The Malta Independent 21 October 2018, Sunday

Normality is when people like me no longer make the headlines - Antonio Di Pietro

Rebecca Iversen Sunday, 3 December 2017, 16:14 Last update: about 12 months ago

An anti-corruption Italian prosecutor this evening told demonstrators in Valletta that the murder of Daphne Caruana Galizia was not a crime like any other and called on people to become one voice against corruption.

Mani Pulite' prosecutor Antonio Di Pietro, who exposed corruption and 'tangentopoli' in Italy, was speaking at a demonstration organized by the Civil Society Network.


“The first thing I wish to say is that you have to have the courage to know that if you want to, you can.”

Di Pietro said normality would be achieved “when people like me, whose job was to bring criminals to justice, will no longer make the news. As a magistrate I applied the law equally to everyone,” he said.

He said politicians sometimes acted as thieves, adding that “normality is is when jailing a thief does not make headlines.”

Daphne Caruana Galizia, he said, died because she was doing her job. “Her family is suffering today because of her struggle to seek the truth and inform her readers.”

“Malta has always been a bridge for civilisations. Be careful. I have heard people saying that Malta is a mafia state. Let us not make this mistake. When a country is called a mafia state it means that putting everyone in the same basket so that no one is found guilty. We have to remove the bad apples from this barrel.”

People like Daphne, he said, are fundamental for a democracy. “Let us not believe that this was a murder like any other. In my country we have witnessed this time and time again. The mafia controlled the institutions because the people running those institutions pretended that they did not see anything.”

“Do not make the mistake of thinking that the Mafiosi are the ones who go around with guns. You have to find out not who killed Daphne but who sent her.”

Di Pietro told his audience that it was up to them now. “Everyone must make their voices heard. You have to become an ocean of voices. Daphne was killed because she was alone. You all have to do what she did, speak about what is happening and seek the truth. If we remain silent there might be another Daphne (murder) tomorrow, and we have to prevent this. You have to speak up and say that corruption is not OK.” 

Writer Immanuel Mifsud said Malta had not become a critical society. The people belonged to the politicians, instead of the politicians belongto the people.

"Civil society means we have a responsibility that we haven't taken yet but that democracy gives us," he stated.

Mifsud said he had a dream where the civil society was what truly governed the country, adding that he hoped the country did not remain with this trivial mentality, when the few people with power hold the most influential yield.

Young people at university and tertiary education should not be competing with each other based on political parties and party memberships, he said, adding that a pluralist society was essential.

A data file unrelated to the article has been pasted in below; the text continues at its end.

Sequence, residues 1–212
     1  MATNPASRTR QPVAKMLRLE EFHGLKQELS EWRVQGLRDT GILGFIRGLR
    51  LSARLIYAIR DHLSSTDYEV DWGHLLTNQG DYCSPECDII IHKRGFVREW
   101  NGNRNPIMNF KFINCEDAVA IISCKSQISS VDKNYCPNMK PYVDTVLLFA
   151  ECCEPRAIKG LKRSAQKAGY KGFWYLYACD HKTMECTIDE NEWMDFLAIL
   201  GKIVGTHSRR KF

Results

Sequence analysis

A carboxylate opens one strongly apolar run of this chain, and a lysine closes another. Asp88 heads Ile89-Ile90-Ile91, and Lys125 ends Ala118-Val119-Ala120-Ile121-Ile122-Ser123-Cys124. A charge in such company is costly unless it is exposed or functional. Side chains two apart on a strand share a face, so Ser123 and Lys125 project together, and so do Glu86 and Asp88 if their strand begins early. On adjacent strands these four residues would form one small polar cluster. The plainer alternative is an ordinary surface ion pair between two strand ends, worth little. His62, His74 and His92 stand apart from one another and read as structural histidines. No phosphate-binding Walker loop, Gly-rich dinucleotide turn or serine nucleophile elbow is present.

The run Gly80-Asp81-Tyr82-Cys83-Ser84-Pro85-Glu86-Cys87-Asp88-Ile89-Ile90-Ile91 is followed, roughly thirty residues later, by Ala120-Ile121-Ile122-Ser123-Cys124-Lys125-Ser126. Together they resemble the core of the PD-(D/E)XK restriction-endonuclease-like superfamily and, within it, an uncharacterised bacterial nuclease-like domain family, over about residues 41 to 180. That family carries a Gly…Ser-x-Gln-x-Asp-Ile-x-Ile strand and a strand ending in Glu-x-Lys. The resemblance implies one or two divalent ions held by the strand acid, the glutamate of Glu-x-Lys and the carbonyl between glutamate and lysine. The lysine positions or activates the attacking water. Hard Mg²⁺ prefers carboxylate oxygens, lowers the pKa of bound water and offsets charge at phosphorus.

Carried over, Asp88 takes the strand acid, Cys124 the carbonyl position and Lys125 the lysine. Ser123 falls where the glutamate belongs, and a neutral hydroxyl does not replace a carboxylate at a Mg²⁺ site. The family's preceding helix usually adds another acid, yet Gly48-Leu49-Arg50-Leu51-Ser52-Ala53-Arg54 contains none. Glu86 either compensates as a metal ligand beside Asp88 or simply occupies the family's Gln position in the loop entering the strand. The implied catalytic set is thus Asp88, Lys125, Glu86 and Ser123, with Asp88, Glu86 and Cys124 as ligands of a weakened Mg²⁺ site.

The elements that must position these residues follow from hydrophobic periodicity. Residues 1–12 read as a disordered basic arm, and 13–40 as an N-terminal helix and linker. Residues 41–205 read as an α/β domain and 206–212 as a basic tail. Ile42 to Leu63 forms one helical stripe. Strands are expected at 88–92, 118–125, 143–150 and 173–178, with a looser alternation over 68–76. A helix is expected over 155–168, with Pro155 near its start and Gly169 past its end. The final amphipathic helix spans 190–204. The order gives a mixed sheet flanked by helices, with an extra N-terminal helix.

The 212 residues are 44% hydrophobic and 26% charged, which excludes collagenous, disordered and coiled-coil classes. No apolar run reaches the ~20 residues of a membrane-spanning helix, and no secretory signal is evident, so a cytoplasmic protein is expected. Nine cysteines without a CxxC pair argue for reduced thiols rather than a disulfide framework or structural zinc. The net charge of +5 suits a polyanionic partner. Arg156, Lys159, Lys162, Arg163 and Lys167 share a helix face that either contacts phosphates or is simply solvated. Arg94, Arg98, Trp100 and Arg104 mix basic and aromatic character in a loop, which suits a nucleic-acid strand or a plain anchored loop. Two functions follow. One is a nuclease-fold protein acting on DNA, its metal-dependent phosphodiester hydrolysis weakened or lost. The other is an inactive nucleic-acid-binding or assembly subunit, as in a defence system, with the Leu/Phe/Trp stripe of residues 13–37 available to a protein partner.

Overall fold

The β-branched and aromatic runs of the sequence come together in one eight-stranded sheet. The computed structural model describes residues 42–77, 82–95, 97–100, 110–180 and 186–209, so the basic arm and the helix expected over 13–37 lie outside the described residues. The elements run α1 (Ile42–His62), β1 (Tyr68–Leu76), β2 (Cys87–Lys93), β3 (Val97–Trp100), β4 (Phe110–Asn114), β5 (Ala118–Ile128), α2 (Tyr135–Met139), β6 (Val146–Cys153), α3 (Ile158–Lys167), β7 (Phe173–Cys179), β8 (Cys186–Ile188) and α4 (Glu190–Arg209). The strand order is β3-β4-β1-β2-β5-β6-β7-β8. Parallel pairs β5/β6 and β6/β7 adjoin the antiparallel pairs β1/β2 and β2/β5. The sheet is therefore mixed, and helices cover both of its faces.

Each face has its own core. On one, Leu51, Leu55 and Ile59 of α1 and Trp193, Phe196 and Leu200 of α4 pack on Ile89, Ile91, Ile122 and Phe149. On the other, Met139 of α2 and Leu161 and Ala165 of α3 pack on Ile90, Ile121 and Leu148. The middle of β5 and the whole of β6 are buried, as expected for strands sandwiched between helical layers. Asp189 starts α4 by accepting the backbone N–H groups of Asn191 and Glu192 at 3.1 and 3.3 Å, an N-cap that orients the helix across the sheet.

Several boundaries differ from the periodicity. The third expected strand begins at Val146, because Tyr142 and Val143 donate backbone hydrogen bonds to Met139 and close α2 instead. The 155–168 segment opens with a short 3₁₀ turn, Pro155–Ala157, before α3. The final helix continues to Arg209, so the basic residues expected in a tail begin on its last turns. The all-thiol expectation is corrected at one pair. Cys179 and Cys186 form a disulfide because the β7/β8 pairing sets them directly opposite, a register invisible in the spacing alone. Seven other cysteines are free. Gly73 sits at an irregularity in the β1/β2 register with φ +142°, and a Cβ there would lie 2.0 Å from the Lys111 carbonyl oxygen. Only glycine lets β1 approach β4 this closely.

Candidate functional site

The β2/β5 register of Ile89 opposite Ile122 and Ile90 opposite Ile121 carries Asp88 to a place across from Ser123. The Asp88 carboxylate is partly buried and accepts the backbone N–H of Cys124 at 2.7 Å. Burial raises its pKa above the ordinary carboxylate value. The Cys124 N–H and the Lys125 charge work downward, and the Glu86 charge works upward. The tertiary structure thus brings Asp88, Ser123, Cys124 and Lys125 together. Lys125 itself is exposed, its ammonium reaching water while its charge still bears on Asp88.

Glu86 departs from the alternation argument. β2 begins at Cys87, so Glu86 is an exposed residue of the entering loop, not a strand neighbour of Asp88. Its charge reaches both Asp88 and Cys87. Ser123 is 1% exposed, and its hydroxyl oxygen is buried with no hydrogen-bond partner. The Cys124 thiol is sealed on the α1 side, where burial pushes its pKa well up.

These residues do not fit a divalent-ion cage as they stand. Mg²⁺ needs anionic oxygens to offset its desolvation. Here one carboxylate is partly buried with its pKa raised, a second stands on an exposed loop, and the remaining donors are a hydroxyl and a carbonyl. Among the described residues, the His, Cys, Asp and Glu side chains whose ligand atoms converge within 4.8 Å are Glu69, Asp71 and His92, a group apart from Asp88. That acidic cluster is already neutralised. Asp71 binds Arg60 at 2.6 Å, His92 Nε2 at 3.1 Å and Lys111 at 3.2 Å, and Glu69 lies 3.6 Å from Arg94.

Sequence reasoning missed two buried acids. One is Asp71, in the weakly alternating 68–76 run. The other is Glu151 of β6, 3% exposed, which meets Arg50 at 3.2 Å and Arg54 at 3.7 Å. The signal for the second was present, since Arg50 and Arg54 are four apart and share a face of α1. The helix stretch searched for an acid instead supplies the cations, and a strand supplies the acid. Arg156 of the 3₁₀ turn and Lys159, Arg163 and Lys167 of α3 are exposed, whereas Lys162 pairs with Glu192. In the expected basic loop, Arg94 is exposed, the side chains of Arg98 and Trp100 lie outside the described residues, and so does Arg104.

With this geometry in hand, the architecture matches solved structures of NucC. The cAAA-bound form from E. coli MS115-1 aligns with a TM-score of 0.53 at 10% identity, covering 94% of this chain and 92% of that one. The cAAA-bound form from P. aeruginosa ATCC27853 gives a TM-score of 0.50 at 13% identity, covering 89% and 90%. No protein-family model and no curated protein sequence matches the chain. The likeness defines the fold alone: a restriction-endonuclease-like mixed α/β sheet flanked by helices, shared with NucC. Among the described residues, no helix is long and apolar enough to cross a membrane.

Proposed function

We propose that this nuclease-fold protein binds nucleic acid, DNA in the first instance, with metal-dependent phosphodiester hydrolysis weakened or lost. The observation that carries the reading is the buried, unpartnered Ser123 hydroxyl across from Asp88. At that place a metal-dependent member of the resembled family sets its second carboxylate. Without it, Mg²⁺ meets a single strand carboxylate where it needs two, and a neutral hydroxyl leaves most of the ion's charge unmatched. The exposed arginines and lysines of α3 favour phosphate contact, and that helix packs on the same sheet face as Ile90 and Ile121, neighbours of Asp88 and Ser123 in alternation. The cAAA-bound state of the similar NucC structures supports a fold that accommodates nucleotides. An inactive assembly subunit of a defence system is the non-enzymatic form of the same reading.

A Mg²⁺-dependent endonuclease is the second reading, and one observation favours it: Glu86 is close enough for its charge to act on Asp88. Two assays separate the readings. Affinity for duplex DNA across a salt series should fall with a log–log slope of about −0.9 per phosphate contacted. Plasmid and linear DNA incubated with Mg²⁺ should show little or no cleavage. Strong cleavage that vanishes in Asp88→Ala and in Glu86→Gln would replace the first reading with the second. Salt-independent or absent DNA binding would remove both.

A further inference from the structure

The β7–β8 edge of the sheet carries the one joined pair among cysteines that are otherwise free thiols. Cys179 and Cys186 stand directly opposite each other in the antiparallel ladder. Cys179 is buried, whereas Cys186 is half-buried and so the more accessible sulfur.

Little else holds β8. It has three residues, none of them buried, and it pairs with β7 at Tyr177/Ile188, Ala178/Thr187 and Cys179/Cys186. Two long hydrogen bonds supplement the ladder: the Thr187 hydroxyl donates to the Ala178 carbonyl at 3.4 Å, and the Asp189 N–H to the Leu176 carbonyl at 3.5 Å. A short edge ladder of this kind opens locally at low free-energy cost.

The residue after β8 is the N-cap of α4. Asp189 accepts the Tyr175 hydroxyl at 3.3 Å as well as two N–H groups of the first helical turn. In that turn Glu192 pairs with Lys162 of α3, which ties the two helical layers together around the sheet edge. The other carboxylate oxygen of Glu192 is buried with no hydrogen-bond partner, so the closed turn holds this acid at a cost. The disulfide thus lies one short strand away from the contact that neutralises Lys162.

CSN member Miriam Galea said Malta was a country where “the mediocre and the corrupt get a pat on the back and those who dream of leading honestly are vilified.

“I am one of those who have lost their place in the country where the right way means nothing and evil is allowed instead. It is a country where the honest are pushed aside and those who steal, lie, deceive and threaten are advanced.”

She added that Maltese MEPs who spoke up are not traitors, and Daphne was not a traitor either. Neither are journalists who seek the truth and whistle-blowers who risk everything.

“A traitor is one who dirties Malta’s name with corrupt banks, greedy politicians, and a dirty government. Traitors are those who remain silent before this desperate situation.”

Keith Schembri and Konrad Mizzi have retained their positions, even after the Panama Papers scandal, Galea said, adding that the Police Commissioner and the Attorney General have let everyone down yet still maintain their position.

She accused PM Joseph Muscat of having two faces: the solemn mask he wears before foreign journalists and the face of a bully who believes that the right of majority wins over the right of the law.

“You hide behind police commissioner and incompetent AG. You attack anyone who dares to voice the truth,” she exclaimed, adding, “you portray yourself as a European but you utilise third world standards.”


Journalist and former PN campaign manager Caroline Muscat urged for the Maltese people to no longer remain neutral in such dark times, otherwise they would be complicit.

"Together we are a strong force. The truth is the biggest weapon we have," Muscat explained.

The obligation to investigate, to be critical and to seek the truth is what everyone should do, she said, adding that when we find the truth we also have the right to share it.

"Don't allow them to call you traitors. The traitors are those who pick their own personal interests over the common good," she said.

Referring to the lack of action over leaked FIAU reports, Muscat said: "They do what they want because they know they'll get off lightly. The system is corrupt from the roots and cosmetic changes are not enough."

Photos: Baskal Mallia

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